Me? I very much doubt that. Especially if we are talking about the growth rates, and not the absolute unit volumes. There is absolutely no way Android can repeat that 10x/1000% growth spurt during the next 12-18 months.
So what are the factors that will be slowing Android down? There will be quite a lot of them.
Understanding the sources of 2010 Android growth
As I told you yesterday in How Android got to the top of the world in 2010 post, it was a very unique set of circumstances, a perfect storm of positive influences propelling Android to the top. Yes, Google executed flawlessly on the opportunity of being the only good enough iPhone alternative for almost a year. But lucky timing plaid no less a role in big part of what Android achieved in 2010.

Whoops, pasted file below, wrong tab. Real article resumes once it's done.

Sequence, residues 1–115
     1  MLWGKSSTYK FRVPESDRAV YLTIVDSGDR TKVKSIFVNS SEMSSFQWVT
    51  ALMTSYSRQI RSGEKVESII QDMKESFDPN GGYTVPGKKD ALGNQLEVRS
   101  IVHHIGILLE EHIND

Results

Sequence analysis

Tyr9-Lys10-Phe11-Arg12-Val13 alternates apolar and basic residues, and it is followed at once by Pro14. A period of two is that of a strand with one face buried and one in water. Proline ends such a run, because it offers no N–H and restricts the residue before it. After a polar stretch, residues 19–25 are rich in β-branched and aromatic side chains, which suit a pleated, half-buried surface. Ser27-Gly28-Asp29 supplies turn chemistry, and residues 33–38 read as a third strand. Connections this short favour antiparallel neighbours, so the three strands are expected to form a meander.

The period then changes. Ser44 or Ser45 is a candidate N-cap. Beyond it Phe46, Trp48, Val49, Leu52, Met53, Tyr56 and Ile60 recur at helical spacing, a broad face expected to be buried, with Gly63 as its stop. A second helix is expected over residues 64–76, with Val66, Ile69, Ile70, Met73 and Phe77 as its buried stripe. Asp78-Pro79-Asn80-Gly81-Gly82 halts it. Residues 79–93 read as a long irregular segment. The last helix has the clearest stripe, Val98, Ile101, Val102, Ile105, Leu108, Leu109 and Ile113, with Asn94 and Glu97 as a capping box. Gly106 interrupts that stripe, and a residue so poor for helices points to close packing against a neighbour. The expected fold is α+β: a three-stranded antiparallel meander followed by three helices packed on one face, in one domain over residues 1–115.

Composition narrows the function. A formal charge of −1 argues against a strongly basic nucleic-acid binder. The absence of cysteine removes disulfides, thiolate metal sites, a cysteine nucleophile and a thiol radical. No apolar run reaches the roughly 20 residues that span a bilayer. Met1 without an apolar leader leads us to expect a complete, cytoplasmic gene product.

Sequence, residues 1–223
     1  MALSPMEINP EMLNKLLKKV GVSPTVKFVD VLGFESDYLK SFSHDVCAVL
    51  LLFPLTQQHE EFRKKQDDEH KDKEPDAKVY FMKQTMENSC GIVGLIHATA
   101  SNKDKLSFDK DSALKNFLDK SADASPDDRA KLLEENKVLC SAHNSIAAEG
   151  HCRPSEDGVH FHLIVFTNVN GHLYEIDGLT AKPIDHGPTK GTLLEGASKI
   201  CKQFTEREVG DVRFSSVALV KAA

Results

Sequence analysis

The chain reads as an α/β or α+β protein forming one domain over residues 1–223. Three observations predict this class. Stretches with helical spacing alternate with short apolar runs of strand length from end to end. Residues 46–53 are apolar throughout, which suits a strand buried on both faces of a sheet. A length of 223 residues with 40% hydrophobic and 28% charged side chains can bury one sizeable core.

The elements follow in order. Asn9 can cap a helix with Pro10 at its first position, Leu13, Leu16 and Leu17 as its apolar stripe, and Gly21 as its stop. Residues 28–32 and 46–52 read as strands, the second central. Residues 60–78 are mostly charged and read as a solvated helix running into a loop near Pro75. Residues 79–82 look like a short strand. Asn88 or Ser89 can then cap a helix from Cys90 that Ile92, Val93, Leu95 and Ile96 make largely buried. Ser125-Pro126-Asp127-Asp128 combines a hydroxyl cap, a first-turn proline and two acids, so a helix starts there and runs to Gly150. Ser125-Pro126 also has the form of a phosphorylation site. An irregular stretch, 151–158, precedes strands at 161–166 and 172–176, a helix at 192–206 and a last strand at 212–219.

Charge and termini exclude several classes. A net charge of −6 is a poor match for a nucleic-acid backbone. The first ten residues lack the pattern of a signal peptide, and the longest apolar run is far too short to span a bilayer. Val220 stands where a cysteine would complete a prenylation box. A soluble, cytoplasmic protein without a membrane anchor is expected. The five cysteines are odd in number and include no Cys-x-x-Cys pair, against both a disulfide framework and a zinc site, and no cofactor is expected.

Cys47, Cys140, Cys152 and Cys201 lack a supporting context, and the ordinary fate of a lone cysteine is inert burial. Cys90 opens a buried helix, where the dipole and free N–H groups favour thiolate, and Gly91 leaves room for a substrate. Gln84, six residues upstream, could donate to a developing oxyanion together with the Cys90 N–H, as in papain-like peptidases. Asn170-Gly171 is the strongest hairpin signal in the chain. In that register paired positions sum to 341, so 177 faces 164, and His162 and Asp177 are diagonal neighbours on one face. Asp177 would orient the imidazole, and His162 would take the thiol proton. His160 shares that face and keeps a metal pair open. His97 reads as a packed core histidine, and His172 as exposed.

When people talk and write about the rise of Android in 2010, they talk about it as some sort of natural process, about how a great open Operating System beating all the competitors to a pulp in quality and features, became a consumer platform of choice, and rose to the top propelled by that consumer demand. Which is nowhere close to what actually happened.
Most of Android growth in 2010 came from the commitment of only 3 smartphone makers and a handful of mobile operators.
Let’s take a look at Android device activation growth chart:
|Date||Week No.||No. of devices activated/day||Growth % from previous milestone|
|Oct. 16, 2008||1||0||-|
|May 20, 2009||31||30,000||-|
|Feb. 15, 2010||69||60,000||100%|
|May 12, 2010||81||100,000||60%|
|June 23, 2010||87||160,000||60%|
|Aug. 4, 2010||94||200,000||25%|
|Dec. 09, 2010||112||300,000||50%|